Guest Post on Domestic Violence – Part Two

This is another guest post by former Senator Davida Morris, a follow up to her earlier post on domestic violence.

‘A Reply to Mike’

I decided to break down my response to Mike’s questions into two parts.

This part will deal with domestic violence in and of itself to give a better understanding of what goes on in these kind of relationships and why people act as they do, providing answers to his questions which are highlighted.

Guest writer, former Senator Davida Morris

Guest writer, former Senator Davida Morris

First, a definition from the Centre Against Abuse’s website.

Domestic Violence (DV) is a “pattern of unwanted behaviour(s) using power and control by one person over an intimate partner”.

Understand, DV is not just about hitting a person, or verbally abusing them, and rarely does it manifest on its own.

There is financial abuse – controlling their partner’s money; social abuse – controlling who they see.

The website lists eight different forms of abuse altogether.

To what extent do women fail to react because of ‘love’?

The most detrimental form of abuse in my opinion is emotional abuse – behaviours (verbal or nonverbal) that are designed to control and undermine the emotional well-being and sense of worth of another person.

By breaking down who the victim is, they can be made to believe that they deserve such treatment.

The victim is grateful for the ‘love’ they receive because they don’t believe that they are worthy of anything better.

The bruises of physical abuse can heal in a few weeks but emotional scars take much longer to heal and require work to overcome.  Without any support to counteract the negative messages they have received the victim is more likely to stay with their partner.

It must be fairly obvious early on that the relationship has changed to something that is not liked?

Most perpetrators of domestic violence don’t come out the gate swinging and punching.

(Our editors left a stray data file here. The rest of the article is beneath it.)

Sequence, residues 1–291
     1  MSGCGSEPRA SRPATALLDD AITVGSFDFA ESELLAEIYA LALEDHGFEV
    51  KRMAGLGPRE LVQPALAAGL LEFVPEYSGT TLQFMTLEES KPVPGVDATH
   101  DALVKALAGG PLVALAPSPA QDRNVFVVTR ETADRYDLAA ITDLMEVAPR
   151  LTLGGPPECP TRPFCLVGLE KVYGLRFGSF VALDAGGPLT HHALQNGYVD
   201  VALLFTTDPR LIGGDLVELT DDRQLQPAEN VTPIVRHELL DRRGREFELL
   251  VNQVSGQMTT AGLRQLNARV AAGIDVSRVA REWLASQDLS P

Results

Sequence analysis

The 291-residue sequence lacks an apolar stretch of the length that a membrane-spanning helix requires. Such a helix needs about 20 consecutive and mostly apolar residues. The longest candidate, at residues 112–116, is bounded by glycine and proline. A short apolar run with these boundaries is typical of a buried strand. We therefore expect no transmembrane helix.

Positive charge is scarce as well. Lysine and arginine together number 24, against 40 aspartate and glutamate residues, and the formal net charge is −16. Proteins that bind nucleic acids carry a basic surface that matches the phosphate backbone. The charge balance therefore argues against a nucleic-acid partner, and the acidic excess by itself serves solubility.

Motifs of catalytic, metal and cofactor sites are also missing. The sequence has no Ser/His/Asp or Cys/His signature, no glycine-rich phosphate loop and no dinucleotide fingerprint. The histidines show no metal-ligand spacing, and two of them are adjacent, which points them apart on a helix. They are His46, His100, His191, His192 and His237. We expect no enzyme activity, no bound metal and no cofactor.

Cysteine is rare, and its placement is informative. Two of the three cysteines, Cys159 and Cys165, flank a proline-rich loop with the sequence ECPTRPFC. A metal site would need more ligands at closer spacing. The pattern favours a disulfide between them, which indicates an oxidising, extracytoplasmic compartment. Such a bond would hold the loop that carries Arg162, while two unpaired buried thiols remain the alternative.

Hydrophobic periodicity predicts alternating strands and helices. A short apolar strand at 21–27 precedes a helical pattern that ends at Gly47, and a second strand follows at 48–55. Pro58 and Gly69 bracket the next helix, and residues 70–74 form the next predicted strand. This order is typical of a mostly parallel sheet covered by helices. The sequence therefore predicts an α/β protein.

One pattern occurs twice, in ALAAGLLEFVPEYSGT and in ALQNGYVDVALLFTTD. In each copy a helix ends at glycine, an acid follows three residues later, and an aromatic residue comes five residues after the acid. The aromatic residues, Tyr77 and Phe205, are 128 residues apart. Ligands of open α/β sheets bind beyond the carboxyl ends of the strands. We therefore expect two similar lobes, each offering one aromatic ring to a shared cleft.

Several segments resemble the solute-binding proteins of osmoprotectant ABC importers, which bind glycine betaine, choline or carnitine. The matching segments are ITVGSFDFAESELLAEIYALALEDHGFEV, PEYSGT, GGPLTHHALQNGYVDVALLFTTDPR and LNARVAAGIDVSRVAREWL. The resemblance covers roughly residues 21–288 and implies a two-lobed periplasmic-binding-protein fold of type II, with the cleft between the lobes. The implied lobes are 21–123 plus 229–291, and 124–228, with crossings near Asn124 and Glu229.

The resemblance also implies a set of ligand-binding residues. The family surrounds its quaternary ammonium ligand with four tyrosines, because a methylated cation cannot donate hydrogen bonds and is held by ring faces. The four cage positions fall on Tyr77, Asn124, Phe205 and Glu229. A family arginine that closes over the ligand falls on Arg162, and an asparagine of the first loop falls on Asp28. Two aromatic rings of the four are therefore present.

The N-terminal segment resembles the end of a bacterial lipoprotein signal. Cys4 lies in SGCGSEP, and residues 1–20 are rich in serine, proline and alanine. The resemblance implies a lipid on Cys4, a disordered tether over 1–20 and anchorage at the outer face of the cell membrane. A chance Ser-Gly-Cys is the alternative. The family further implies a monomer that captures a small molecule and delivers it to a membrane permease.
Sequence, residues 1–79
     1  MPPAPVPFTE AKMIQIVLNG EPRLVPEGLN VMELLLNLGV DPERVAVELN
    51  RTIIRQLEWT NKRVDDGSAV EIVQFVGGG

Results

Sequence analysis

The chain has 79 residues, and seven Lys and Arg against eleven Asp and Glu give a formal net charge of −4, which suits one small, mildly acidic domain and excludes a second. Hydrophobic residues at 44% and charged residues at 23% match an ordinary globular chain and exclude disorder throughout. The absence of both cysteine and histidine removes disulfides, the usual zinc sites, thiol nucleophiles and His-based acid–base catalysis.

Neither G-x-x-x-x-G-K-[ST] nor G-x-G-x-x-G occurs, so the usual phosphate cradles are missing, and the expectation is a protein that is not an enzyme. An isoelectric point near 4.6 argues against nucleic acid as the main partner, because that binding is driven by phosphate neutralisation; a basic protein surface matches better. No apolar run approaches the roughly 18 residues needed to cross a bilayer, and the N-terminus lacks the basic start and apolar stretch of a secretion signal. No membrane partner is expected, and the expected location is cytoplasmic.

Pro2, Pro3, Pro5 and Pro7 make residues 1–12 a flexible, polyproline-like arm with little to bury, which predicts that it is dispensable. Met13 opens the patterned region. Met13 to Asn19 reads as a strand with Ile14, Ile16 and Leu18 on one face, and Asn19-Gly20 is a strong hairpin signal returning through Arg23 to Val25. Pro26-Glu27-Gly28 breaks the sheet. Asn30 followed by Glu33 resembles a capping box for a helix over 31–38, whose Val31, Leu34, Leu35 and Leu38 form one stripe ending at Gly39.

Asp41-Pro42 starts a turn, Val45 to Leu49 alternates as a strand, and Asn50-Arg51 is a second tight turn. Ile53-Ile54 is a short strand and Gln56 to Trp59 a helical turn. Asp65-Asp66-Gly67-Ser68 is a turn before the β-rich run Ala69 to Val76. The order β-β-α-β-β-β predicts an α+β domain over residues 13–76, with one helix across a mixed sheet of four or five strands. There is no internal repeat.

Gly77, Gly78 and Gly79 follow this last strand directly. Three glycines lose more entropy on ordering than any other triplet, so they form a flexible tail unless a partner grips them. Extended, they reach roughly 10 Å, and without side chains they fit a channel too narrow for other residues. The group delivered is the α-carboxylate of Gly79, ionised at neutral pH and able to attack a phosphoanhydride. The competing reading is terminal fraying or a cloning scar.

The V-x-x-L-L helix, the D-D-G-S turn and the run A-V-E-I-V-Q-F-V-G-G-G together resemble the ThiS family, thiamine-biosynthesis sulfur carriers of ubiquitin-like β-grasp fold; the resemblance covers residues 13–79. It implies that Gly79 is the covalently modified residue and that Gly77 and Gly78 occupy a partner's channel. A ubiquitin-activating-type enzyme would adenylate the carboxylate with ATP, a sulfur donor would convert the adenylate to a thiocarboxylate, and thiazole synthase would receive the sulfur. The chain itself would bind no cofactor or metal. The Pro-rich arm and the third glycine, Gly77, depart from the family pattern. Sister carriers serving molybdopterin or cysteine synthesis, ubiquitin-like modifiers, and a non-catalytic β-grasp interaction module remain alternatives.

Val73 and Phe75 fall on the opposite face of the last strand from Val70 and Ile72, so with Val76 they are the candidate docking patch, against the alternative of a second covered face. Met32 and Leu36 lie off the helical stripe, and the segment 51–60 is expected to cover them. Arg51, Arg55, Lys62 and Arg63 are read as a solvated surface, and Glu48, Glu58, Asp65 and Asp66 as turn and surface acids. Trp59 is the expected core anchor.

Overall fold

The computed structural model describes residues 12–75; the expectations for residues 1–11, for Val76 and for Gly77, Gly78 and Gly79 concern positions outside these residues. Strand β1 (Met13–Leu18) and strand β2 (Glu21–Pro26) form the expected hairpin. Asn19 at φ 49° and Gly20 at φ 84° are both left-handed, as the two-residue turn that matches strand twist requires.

They woo, they show caring, they show love.

That is how you draw a person in.

It’s once they have their partner where they want them, living with them, married to them, isolated from others, that they begin to change.

Some will take the view that this change is temporary, and/or that ‘he’ will return to normal at some point?

Abuse in a DV situation ins’t a constant thing.

It can be intermittent.

If it was happening all the time, every day, then the victim would be more likely to leave, but as this is not the case there is time for victims to justify in their minds what has occurred.

The cycle of abuse is this:

  1. The ‘honeymoon’ period where everything is great.
  2. Tension building, where things are less than ideal.
  3. Things get progressively worse until the explosion or abuse happens to be followed by the honeymoon period where perpetrator apologises and they ‘make up’, all is lovey dovey and wonderful, until…

The honeymoon period is the ‘normal’ victims attempt to maintain.

There is a kind of glossing over the bad.

With the breaking down of self-esteem the ‘he didn’t mean it’ and the ‘it’s my fault, I made him mad’ comes in because in the victim’s the honeymoon period is the ‘real’ part of their relationship.

Why does it take 32 incidents before someone reacts?

While I’m not sure why 32 is the ‘magic’ number for victims to leave a DV situation there are so many reasons why people stay.

  • They are economically dependent on their partner.
  • Religious beliefs.
  • They stay for the kids.
  • They don’t believe they are capable of living on their own.
  • They think they will never find another relationship.
  • They were brought up in an abusive home and feel like this is normal.
  • They are afraid due to threats by their partner.
  • Abuse escalates after a failed attempt to leave.
  • Cultural expectations.

Where on the continuum of the 32 does it kick in that ‘he ain’t going to change – this is permanent’?